More reading = more spending, says Nielsen’s new CMI research

When Nielsen launched its pimped out Consumer & Media Insights (CMI) research tool back in April, publishers’ mouths started watering at the prospect of being able to prove New Zealanders who read magazines and newspapers actually spent more, thereby showing print was a good place for brands to be seen. And while the first instalment of the new readership offering had a few teething problems, its new fused data approach has revealed there is “a strong connection between high household expenditure and print media readership”.

The research comes from Nielsen’s CMI Household Expenditure Module, which uses the Statistics New Zealand Household Economic Survey (HES) and links them to readership data. While questions about household income and expenditure have long been included on readership surveys, fusing government data with readership and being able to break it down into specific spending categories is thought to be a world first (and something Gary Yeo, senior vice president of Scarborough Research and guest speaker at the launch event, believed was possible because of our small population).

“The ability to draw connections between household spending and media consumption provides agencies and advertisers with the capability to target and better understand New Zealand households,” states Kate Terry, director, media, Nielsen. “The figures revealed in this piece of analysis are a significant illustration of the spending power of New Zealand households with print readers.”

New Zealanders reading newspapers on a daily basis (43 percent of the population aged 10+) spend on average $1,223 per week, which is $97 more than the average household spend per week ($1,126) and significantly more than those households with no readership of daily newspapers ($1,009). Furthermore, households with people who read at least one edition of a daily newspaper each week account for $1.2 billion of overall spend.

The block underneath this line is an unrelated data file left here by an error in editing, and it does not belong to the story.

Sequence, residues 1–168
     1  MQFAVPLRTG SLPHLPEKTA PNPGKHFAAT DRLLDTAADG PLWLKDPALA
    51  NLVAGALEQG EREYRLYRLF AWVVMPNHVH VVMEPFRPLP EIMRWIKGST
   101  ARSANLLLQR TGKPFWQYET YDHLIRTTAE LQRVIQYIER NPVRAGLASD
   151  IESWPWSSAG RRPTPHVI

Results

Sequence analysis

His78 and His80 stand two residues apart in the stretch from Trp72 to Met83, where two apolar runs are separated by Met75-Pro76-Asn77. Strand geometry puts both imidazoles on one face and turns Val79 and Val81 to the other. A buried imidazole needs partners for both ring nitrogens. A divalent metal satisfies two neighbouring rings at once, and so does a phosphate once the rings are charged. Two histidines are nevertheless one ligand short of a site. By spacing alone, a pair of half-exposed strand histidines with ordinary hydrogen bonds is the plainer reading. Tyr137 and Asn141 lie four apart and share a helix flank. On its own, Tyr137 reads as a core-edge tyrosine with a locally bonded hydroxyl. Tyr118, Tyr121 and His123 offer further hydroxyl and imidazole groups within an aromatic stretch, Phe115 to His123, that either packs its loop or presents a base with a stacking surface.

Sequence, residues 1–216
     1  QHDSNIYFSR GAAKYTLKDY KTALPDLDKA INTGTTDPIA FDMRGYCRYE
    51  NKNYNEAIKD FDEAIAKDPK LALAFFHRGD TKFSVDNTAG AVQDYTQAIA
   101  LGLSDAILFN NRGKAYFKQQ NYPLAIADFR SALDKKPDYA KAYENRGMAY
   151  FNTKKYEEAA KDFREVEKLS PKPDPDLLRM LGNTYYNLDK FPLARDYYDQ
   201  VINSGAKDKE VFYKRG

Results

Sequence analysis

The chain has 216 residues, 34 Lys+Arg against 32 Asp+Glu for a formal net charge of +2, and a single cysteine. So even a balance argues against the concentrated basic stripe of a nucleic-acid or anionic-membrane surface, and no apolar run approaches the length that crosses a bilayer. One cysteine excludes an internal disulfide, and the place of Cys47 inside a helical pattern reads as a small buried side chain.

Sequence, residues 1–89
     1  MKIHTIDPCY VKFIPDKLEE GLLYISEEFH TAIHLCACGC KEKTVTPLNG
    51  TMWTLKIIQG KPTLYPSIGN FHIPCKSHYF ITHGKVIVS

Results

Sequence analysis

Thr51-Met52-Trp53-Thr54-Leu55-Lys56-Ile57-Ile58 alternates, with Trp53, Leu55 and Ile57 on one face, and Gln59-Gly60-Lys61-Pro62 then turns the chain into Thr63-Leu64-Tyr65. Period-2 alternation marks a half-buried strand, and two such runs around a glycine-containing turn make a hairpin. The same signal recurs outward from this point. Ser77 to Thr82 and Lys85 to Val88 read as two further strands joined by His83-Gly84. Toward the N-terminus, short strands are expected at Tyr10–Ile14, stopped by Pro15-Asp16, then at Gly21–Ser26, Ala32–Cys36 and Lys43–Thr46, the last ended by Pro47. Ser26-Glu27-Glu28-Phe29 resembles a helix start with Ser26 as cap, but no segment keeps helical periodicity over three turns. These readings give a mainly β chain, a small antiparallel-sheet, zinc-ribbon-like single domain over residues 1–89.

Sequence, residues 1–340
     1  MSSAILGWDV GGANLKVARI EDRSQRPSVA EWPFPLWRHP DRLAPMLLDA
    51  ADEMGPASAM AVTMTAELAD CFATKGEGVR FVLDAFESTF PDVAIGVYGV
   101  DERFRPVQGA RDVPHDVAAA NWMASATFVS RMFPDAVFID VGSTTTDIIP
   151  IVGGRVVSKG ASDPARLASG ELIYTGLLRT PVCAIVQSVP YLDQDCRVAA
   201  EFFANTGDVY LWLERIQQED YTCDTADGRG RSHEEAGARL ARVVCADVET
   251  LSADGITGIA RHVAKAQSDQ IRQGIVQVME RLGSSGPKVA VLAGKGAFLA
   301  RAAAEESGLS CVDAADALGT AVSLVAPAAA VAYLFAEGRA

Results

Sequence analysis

For households with readers of home, garden and entertaining magazines, total household spending was over $775 million per week, whilst motoring magazine readers accounted for almost $700 million and households with women’s weeklies readers spent in excess of $625 million.

These new insights, which back up the MPA’s recent trade campaign showing magazines add value to brands that add magazines to their media mix, show New Zealand households with newspaper and magazine readers are not only big spenders overall, they also tend to spend more than households which have little or no connection with print. Homes with people who are heavy newspaper readers tend to be amongst the top spenders in most categories, as do households with heavy magazine readers. Conversely, households with low print readership spend less than average across most categories.

Key findings:

  • Households with heavy magazine readers (six plus titles in their issue period) and/or heavy newspaper readers (6+ daily newspapers per week) spend more than average on restaurants and dining out.
  • Households with female readers of women’s lifestyle magazines are 45 percent more likely than the general population to be in the highest spend group for beauty products and perfumes.
  • Households with heavy daily newspaper readers are 30 percent more likely to be among the biggest spenders on vehicle accessories and parts.
  • 49 percent of households with readers of home, garden and entertaining magazines are among the top spenders on international air travel.
  • Households with print readers tend to spend more on wine. Those with heavy magazine, metropolitan and regional daily newspaper readership are all significantly over represented among top wine spenders.

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